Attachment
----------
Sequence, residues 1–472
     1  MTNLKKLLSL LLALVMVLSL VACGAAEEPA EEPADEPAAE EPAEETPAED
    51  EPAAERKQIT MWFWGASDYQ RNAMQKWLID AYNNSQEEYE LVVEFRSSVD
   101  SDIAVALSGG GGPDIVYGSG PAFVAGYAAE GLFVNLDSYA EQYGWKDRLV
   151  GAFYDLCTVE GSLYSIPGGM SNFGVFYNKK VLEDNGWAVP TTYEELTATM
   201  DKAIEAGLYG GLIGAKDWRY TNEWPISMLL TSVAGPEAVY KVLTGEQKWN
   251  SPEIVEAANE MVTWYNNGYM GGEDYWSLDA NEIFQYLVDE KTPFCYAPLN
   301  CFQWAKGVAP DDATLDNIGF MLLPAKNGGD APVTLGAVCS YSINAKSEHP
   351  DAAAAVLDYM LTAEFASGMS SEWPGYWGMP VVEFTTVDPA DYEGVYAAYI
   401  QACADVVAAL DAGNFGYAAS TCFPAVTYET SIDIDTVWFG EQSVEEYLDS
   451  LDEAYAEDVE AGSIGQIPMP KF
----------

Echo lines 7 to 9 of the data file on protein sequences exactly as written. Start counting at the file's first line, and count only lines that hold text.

   251  SPEIVEAANE MVTWYNNGYM GGEDYWSLDA NEIFQYLVDE KTPFCYAPLN
   301  CFQWAKGVAP DDATLDNIGF MLLPAKNGGD APVTLGAVCS YSINAKSEHP
   351  DAAAAVLDYM LTAEFASGMS SEWPGYWGMP VVEFTTVDPA DYEGVYAAYI